FILE - December 29, 2013: Former F1 world champion Michael Schumacher, 44, suffered a head injury in a skiing accident this morning in Meribel in the French Alps, according to local media. HAMBURG, GERMANY - SEPTEMBER 08: Formula 1 legend Michael Schumacher looks on during the day of the legends event at the Millentor stadium on September 8, 2013 in Hamburg, Germany. (Photo by Stuart Franklin/Bongarts/Getty Images)

Grenoble, France - Former Formula One world champion Michael Schumacher has shown signs of waking up from an artificial coma.

His manager, Sabine Kehm, said on Friday: “Michael is making progress on his way. He shows moments of consciousness and awakening.”

Schumacher, 45, suffered severe head injuries in a skiing accident at the French resort of Meribel on 29 December.

He was taken to a hospital in Grenoble for emergency surgery and was then placed in an artificial coma.

Kehm added: “We are on his side during his long and difficult fight, together with the team of the hospital in Grenoble, and we keep remaining confident,” Kehm added.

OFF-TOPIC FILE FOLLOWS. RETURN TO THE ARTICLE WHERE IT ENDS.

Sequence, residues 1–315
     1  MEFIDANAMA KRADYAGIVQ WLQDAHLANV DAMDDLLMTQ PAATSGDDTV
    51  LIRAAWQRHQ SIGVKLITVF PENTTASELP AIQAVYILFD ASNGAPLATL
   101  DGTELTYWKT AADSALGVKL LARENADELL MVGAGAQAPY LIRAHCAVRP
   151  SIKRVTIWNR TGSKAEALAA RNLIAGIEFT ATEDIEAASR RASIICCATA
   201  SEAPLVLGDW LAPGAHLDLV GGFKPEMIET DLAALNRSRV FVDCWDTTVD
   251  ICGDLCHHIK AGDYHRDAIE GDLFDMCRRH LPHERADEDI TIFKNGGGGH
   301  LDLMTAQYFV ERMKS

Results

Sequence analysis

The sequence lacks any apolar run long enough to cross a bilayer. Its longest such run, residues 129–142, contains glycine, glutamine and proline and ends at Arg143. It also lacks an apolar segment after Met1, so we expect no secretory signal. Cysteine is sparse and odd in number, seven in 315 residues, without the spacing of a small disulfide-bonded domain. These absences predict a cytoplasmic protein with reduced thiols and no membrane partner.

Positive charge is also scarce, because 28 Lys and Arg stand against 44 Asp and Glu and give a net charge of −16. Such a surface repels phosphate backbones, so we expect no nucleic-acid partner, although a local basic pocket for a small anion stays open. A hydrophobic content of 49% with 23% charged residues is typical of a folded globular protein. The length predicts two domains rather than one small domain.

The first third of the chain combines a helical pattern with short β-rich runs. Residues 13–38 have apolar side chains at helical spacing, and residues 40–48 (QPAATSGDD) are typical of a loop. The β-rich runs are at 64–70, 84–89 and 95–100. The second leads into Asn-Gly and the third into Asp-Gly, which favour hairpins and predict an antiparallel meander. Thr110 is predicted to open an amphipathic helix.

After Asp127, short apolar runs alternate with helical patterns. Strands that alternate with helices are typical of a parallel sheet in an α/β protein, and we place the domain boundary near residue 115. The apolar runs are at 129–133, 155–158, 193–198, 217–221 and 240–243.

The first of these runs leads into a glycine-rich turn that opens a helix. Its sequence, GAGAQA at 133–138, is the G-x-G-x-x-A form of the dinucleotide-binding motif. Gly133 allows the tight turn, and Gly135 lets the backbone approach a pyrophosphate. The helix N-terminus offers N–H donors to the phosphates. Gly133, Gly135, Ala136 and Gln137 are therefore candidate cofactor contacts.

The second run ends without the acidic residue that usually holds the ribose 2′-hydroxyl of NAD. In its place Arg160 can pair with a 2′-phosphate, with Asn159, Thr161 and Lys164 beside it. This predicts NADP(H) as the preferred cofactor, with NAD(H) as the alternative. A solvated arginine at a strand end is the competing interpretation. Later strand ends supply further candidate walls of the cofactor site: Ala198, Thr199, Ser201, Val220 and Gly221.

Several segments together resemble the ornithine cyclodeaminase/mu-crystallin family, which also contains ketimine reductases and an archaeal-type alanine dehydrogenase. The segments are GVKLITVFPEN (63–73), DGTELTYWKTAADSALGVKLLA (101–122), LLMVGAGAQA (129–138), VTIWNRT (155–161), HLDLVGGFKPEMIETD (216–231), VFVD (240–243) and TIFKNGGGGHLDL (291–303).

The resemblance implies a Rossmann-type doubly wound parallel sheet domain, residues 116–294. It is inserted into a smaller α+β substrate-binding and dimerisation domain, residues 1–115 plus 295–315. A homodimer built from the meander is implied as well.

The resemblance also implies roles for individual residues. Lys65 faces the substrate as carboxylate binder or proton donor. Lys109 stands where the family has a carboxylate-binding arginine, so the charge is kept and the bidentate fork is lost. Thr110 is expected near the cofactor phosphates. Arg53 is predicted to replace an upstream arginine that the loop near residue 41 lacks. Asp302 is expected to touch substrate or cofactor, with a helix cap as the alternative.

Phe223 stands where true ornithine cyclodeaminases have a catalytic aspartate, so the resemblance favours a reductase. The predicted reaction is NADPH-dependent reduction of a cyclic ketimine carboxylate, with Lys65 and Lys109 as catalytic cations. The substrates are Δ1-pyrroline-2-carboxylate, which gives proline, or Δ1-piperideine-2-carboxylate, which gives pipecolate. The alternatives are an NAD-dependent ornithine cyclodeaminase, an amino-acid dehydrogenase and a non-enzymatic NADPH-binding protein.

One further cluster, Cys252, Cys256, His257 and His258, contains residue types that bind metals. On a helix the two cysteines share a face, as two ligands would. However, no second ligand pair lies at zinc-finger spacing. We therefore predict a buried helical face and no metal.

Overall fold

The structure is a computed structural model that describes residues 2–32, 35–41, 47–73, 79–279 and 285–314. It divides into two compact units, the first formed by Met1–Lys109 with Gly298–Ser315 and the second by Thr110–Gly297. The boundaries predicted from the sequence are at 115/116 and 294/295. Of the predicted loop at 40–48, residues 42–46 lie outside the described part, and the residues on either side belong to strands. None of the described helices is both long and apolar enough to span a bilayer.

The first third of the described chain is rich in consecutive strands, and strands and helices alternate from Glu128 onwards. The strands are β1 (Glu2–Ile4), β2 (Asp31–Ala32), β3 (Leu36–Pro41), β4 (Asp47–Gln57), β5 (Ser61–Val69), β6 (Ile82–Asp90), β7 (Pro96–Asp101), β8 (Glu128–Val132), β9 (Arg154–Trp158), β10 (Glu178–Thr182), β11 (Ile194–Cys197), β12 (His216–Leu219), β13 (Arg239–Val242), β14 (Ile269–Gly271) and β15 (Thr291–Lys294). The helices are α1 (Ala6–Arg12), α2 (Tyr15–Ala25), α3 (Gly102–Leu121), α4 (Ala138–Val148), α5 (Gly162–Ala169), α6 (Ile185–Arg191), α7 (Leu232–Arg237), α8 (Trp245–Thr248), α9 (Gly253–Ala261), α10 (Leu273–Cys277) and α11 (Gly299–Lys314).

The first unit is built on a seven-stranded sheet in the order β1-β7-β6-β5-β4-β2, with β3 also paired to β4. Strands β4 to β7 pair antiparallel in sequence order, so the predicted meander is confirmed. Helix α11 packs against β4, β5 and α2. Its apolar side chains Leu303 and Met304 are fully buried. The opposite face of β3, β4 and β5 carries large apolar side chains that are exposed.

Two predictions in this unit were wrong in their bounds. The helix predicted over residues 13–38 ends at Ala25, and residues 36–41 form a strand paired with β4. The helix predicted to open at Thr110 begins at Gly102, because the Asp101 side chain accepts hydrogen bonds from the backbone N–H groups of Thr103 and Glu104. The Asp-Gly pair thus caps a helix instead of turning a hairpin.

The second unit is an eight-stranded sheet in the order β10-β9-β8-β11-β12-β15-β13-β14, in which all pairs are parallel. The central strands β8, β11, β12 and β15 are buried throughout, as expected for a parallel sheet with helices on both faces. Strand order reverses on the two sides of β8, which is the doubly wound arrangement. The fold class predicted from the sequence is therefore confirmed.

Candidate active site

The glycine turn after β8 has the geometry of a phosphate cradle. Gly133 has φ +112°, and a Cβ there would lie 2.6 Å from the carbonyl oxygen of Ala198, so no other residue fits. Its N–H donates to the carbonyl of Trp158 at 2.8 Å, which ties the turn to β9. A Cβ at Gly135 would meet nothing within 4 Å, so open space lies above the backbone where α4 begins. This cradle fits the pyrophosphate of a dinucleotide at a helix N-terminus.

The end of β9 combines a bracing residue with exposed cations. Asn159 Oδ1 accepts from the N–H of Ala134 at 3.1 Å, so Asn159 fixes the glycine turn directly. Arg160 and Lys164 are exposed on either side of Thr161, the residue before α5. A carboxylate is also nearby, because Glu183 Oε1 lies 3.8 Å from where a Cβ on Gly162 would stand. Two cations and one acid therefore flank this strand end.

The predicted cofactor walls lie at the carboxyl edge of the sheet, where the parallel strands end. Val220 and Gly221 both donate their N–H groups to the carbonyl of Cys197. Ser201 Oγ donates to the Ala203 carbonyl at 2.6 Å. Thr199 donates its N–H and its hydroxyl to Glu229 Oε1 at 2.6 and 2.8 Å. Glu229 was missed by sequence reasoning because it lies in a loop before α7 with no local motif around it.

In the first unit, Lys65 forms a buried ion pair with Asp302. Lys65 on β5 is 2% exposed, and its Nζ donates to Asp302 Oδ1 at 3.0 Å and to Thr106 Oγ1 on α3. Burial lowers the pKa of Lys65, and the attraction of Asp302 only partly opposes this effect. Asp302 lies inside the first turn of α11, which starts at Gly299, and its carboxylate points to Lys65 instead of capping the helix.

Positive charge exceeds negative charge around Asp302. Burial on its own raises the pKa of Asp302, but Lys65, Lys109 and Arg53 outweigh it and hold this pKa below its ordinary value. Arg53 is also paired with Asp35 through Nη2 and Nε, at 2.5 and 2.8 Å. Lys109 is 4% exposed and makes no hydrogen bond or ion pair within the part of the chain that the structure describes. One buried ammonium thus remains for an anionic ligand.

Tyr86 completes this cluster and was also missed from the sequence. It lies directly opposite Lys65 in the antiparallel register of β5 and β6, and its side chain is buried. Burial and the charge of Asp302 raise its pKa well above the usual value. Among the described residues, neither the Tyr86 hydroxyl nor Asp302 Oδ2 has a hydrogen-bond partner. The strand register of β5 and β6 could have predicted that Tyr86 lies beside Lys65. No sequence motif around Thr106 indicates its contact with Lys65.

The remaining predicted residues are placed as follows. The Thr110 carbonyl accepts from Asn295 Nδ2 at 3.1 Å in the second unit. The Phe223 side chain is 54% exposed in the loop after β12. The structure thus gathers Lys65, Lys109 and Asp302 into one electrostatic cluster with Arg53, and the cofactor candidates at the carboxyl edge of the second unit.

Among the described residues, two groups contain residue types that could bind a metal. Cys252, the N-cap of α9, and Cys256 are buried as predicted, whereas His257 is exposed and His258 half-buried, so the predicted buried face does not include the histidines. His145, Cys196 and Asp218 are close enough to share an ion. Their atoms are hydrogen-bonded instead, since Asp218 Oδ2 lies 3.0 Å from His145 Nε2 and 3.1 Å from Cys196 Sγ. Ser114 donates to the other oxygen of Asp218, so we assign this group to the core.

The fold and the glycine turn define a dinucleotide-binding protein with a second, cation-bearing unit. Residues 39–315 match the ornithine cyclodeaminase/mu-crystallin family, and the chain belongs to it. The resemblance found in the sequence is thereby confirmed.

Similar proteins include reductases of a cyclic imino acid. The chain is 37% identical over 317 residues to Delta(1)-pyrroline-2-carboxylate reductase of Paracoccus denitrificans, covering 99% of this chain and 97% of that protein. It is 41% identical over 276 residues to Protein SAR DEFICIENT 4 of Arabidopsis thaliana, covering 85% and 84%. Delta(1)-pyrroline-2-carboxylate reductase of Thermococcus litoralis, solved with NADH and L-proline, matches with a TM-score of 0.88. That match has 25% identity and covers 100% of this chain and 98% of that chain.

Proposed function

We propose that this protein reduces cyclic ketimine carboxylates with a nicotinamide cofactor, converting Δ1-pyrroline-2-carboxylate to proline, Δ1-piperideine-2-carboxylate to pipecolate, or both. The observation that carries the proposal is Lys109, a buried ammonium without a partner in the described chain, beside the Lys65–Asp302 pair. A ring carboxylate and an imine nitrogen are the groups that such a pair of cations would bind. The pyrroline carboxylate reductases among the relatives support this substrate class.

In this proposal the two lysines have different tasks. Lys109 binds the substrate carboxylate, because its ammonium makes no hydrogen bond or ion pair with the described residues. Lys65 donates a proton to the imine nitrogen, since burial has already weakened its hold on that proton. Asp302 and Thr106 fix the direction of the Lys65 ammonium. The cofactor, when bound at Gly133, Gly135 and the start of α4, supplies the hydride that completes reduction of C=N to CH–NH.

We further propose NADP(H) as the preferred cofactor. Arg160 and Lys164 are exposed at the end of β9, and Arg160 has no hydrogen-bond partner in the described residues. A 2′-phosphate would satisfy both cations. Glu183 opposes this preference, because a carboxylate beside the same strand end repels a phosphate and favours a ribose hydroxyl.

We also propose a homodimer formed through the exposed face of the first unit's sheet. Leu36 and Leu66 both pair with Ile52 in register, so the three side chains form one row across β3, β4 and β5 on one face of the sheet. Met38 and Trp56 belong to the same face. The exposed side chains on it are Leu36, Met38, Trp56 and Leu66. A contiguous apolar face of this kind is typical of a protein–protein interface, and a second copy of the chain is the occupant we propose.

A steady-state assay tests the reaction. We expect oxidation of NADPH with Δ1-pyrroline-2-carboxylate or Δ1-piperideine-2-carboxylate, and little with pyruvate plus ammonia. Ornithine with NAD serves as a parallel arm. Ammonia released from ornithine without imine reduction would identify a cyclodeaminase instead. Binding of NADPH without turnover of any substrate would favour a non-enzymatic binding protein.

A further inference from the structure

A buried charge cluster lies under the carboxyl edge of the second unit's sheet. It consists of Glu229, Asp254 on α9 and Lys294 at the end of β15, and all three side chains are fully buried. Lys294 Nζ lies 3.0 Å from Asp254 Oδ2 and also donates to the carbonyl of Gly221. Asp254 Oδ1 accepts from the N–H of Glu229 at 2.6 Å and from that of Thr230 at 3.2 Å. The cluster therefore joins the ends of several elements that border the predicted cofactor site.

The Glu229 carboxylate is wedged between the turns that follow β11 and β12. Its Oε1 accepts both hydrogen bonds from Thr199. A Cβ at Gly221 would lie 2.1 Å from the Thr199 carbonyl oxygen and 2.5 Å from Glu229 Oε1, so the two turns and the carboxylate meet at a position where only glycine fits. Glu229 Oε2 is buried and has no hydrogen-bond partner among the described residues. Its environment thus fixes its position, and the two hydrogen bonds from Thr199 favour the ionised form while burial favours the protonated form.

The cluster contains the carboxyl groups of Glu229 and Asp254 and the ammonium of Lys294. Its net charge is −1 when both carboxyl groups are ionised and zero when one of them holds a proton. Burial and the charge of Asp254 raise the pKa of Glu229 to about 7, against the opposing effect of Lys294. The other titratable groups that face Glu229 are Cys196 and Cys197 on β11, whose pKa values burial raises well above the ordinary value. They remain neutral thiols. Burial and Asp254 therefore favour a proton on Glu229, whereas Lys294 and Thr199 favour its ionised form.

Further details were not being made available, Kehm said, to protect the privacy of Schumacher and his family, and to allow the medical team to work in peace.


In the three months since Schumacher was placed in the artificial coma, Kehm has made various statements on his condition.

In mid-March she referred to “small signs which give us courage”, but also acknowledged that the waking-up process could take time and described it as “a long and difficult fight”.

An investigation into the accident by the French prosecutor's office said in February that there was no evidence of outside influence or wrongdoing.

It was discovered that Schumacher first struck a stone 4.5metres from the edge of the skiing course and hit his head against a second stone 10.4 metres away.

The impact was hard enough to crack his skiing helmet.

After the accident, Schumacher was immediately rushed to hospital and was operated on twice before being placed in an artificial coma.

The waking-up process began on 30 January when doctors started to reduce his sedation.

Formula One drivers and teams have frequently posted messages and made statements in support of the former champion.

“Michael: you are in our hearts, keep fighting as only you can,” tweeted the Mercedes team on Friday before the first practice session in Bahrain.